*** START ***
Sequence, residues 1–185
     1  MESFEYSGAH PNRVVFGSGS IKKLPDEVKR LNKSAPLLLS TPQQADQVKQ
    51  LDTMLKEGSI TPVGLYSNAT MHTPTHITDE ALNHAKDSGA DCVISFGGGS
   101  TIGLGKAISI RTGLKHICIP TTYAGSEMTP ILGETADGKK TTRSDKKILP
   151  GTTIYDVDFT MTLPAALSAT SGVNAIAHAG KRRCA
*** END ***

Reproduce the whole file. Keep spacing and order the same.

Sequence, residues 1–185
     1  MESFEYSGAH PNRVVFGSGS IKKLPDEVKR LNKSAPLLLS TPQQADQVKQ
    51  LDTMLKEGSI TPVGLYSNAT MHTPTHITDE ALNHAKDSGA DCVISFGGGS
   101  TIGLGKAISI RTGLKHICIP TTYAGSEMTP ILGETADGKK TTRSDKKILP
   151  GTTIYDVDFT MTLPAALSAT SGVNAIAHAG KRRCA